Legacy

On October 22, 2012, the Brooklyn Battery Tunnel was officially renamed the "Hugh L. Carey Tunnel". It is still often called the Brooklyn Battery Tunnel by local residents.[citation needed]

References

  1. ^ "ProQuest Login – ProQuest". Proquest.umi.com. Retrieved 2011-08-08. 
  2. ^ Carroll, Thomas W. (Spring 1994). "The Status Cuomo". Policy Review. Retrieved 2011-08-08. 
  3. ^ Irish Echo (September 2, 2009) "The Last Horseman Raises His Hat"
  4. ^ "A New American Compact: Caring About Women, Caring for the Unborn". Catholic Online. June 17, 2008. Retrieved 2011-08-08. 
  5. ^ "Triarc". Triarc. Retrieved 2011-08-08. 
  6. ^ Mills, Barbara Kleban (May 4, 1981). "New York's Gov. Hugh Carey Weds the Empress of Mondo Condo, a Not-So-Sweet Evangeline". People. Retrieved 2011-08-08. 
  7. ^ Walls, Jennifer (July 31, 1989). "New York Intelligencer: Hugh and Engie: Split Ends". New York. Retrieved 2011-08-08.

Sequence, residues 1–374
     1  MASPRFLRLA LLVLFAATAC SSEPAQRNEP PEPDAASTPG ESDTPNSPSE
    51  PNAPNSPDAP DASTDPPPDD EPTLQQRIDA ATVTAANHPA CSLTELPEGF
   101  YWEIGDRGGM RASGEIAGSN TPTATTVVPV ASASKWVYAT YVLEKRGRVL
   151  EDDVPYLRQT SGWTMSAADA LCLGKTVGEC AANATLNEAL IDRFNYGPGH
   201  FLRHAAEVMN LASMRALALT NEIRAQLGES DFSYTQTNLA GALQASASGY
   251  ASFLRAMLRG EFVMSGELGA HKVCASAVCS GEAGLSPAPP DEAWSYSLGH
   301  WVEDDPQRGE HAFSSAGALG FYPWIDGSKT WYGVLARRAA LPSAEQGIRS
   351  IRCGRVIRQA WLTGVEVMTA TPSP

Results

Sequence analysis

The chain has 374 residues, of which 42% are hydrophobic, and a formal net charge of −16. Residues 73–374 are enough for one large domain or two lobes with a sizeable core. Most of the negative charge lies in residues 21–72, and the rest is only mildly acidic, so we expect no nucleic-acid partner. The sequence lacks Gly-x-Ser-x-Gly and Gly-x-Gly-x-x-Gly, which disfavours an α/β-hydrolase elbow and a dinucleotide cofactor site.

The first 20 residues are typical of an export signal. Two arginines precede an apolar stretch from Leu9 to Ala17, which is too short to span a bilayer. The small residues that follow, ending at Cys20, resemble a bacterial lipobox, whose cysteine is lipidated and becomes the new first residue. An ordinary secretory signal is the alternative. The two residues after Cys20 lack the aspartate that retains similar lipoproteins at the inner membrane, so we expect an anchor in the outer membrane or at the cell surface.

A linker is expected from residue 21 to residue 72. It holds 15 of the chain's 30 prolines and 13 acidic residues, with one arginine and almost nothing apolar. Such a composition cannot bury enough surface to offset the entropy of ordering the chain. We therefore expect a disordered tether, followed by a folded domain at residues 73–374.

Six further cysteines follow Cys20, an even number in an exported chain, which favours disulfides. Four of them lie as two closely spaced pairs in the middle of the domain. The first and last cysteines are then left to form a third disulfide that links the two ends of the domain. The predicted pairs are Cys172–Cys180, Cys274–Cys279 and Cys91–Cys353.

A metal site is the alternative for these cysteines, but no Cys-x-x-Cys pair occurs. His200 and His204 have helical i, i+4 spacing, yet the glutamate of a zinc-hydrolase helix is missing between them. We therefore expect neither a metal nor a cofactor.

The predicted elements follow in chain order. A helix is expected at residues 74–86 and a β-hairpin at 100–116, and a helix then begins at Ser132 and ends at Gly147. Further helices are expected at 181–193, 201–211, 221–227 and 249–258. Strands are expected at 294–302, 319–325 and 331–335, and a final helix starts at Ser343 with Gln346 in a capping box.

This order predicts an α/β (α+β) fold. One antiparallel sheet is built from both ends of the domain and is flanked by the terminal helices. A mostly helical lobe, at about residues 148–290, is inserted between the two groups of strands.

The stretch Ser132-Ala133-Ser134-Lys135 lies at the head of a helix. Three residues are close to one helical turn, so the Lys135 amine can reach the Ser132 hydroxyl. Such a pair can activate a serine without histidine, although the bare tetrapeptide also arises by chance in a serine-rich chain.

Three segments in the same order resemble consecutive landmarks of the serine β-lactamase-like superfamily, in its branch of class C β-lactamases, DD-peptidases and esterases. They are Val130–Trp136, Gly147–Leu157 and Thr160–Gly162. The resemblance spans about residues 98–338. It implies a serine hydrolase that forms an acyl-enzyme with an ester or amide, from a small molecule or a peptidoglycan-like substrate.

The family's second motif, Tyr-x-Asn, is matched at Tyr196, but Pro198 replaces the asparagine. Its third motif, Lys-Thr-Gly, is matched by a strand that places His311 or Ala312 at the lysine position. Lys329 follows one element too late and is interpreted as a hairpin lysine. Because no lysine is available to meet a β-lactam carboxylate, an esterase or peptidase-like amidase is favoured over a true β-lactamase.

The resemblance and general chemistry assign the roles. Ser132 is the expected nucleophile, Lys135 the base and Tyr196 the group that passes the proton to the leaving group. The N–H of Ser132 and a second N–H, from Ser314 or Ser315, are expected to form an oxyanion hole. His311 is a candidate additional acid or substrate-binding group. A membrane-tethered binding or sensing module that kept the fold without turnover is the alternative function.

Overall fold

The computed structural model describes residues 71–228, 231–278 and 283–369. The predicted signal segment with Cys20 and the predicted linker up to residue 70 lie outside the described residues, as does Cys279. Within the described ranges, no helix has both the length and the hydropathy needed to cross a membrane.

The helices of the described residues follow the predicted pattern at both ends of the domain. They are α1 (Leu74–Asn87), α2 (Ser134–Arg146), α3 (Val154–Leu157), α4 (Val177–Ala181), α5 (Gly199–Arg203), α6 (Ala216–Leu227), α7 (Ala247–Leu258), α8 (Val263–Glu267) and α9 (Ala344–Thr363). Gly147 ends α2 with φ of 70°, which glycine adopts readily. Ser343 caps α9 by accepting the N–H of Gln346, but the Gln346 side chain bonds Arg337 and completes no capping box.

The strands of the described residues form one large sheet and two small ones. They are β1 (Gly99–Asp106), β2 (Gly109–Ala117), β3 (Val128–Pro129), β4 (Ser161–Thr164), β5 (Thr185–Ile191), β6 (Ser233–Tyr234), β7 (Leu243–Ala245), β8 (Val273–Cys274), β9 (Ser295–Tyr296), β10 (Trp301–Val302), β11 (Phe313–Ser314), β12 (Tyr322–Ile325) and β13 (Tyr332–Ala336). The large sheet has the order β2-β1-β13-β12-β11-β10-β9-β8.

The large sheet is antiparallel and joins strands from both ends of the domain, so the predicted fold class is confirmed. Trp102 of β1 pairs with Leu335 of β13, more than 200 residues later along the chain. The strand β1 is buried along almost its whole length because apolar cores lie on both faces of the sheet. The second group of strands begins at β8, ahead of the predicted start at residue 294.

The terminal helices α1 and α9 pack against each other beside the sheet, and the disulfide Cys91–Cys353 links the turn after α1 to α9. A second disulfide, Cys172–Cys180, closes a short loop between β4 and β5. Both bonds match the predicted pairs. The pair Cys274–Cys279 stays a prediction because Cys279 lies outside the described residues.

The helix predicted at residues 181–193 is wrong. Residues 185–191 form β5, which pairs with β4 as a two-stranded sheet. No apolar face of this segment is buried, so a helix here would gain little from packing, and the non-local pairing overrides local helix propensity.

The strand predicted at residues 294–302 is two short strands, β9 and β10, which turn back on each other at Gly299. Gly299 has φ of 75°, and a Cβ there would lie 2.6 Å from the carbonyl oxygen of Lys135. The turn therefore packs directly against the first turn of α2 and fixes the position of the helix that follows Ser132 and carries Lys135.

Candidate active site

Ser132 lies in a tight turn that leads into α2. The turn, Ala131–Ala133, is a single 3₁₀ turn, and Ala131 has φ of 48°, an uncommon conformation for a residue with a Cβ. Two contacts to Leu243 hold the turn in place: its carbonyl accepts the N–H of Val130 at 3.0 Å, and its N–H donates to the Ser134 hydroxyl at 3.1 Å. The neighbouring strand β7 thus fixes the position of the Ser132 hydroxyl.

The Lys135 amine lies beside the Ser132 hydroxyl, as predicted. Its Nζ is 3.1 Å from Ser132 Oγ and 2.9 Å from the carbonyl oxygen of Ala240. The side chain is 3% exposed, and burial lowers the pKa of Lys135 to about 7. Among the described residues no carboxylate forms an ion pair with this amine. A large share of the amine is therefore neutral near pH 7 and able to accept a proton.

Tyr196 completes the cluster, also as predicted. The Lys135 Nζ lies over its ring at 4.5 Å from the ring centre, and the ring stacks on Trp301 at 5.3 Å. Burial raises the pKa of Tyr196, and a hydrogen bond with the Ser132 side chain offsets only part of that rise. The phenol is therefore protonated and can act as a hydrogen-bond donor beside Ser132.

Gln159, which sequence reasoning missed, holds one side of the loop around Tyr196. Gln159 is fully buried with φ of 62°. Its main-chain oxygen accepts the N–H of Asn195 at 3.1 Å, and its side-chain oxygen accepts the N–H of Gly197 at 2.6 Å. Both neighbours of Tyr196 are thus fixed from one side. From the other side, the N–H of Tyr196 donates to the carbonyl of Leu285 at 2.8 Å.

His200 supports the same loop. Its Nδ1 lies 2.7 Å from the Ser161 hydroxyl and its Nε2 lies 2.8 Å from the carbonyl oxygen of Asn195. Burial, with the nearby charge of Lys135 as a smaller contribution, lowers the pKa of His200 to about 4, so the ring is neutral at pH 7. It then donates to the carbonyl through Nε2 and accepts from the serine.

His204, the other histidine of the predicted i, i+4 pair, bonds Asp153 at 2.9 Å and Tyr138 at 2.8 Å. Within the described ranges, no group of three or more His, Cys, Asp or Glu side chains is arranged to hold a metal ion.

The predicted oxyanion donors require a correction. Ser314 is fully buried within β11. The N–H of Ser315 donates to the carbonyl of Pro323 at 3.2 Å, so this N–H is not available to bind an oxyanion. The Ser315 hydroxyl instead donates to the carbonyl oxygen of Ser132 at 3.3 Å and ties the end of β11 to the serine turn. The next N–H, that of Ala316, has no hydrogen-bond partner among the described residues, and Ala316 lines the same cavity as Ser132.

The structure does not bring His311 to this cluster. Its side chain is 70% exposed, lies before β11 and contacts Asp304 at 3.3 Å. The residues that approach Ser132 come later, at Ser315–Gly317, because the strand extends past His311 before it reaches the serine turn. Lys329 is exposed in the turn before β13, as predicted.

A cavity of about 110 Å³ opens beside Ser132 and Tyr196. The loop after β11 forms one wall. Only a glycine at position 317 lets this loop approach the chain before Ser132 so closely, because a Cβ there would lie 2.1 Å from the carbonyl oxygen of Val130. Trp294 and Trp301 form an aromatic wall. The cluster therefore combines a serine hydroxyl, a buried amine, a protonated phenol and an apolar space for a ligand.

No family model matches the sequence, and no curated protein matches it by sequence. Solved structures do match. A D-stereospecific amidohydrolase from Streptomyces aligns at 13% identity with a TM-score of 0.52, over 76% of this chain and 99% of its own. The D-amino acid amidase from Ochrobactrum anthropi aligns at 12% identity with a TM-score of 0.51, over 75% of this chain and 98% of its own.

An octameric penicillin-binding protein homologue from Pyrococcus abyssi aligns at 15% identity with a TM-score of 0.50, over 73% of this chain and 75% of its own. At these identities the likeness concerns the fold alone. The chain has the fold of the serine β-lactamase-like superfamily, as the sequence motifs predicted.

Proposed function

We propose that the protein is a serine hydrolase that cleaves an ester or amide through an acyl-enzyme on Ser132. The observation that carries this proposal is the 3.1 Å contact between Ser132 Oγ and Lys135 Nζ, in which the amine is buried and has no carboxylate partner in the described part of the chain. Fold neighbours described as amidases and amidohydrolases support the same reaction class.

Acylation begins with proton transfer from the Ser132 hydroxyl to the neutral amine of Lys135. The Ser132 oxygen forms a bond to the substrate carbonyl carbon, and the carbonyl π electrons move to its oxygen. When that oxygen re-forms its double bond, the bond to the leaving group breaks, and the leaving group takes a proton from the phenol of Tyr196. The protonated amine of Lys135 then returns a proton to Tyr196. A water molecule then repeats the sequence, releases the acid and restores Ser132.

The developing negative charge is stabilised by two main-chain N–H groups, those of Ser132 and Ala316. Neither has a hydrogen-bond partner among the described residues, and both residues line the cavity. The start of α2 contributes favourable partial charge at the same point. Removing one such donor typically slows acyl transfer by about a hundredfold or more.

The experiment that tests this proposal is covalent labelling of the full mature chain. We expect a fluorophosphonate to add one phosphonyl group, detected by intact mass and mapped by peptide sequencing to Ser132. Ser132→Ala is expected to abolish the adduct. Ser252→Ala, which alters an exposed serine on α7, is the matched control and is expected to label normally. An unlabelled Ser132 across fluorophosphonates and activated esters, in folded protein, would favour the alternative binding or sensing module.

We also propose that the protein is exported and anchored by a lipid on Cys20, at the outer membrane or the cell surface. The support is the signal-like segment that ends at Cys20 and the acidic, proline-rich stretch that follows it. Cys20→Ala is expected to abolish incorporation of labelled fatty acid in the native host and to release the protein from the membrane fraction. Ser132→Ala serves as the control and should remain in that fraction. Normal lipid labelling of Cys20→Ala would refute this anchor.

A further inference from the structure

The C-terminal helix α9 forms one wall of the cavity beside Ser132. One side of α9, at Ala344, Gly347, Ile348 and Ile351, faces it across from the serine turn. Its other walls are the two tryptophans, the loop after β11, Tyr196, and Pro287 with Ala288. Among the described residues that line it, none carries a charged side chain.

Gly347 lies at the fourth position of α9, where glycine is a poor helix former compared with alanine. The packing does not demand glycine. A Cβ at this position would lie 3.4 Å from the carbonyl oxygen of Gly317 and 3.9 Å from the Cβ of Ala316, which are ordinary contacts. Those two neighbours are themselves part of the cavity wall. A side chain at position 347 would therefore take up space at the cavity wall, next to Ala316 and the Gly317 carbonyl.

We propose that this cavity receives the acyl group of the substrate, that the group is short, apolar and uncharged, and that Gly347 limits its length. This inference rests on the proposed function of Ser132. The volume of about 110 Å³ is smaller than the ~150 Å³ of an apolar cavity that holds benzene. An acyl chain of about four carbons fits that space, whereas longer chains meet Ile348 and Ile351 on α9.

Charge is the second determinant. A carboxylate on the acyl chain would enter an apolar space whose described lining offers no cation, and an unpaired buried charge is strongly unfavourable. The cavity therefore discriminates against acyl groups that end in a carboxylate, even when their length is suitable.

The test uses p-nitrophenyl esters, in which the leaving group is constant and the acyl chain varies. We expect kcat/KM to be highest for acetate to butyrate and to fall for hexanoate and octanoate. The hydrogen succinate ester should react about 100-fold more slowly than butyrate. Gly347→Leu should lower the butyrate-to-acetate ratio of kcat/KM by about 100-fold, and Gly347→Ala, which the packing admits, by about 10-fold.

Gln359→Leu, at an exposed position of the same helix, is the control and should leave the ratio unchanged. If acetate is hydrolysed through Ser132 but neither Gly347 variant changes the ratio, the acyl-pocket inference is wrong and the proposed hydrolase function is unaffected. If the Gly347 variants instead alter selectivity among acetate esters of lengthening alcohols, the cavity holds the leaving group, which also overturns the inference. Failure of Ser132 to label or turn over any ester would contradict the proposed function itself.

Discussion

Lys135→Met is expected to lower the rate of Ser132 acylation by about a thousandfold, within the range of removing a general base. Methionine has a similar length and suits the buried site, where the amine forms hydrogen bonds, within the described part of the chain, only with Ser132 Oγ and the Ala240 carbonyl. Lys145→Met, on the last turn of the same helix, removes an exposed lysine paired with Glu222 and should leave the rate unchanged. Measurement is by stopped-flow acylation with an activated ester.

8. ^ Roberts, Sam (December 5, 2005). "Requiem for a (Still-Living) Heavyweight". The New York Times. 
  9. ^ "Former Governor Hugh Carey Dead At 92". NY1. August 7, 2011. Retrieved August 7, 2011. 

Bibliography

Primary sources

  • Almeida, Linda Dowling, Peter Quinn, and Hugh Carey. "Oral History: Governor Hugh Carey Interviewed by Peter Quinn." American Journal of Irish Studies (2012): 179-190. in JSTOR

External links

United States House of Representatives
Preceded by
Francis E. Dorn
Member of the U.S. House of Representatives
from New York's 12th congressional district

1961–1963
Succeeded by
Edna F. Kelly
Preceded by
John H. Ray
Member of the U.S. House of Representatives
from New York's 15th congressional district

1963–1974
Succeeded by
Leo C. Zeferetti
Political offices
Preceded by
Malcolm Wilson
Governor of New York
1975–1982
Succeeded by
Mario Cuomo
Preceded by
23x15px Bruno Kreisky
President of Organizing Committee for Winter Olympic Games
1980
Succeeded by
23x15px Branko Mikulić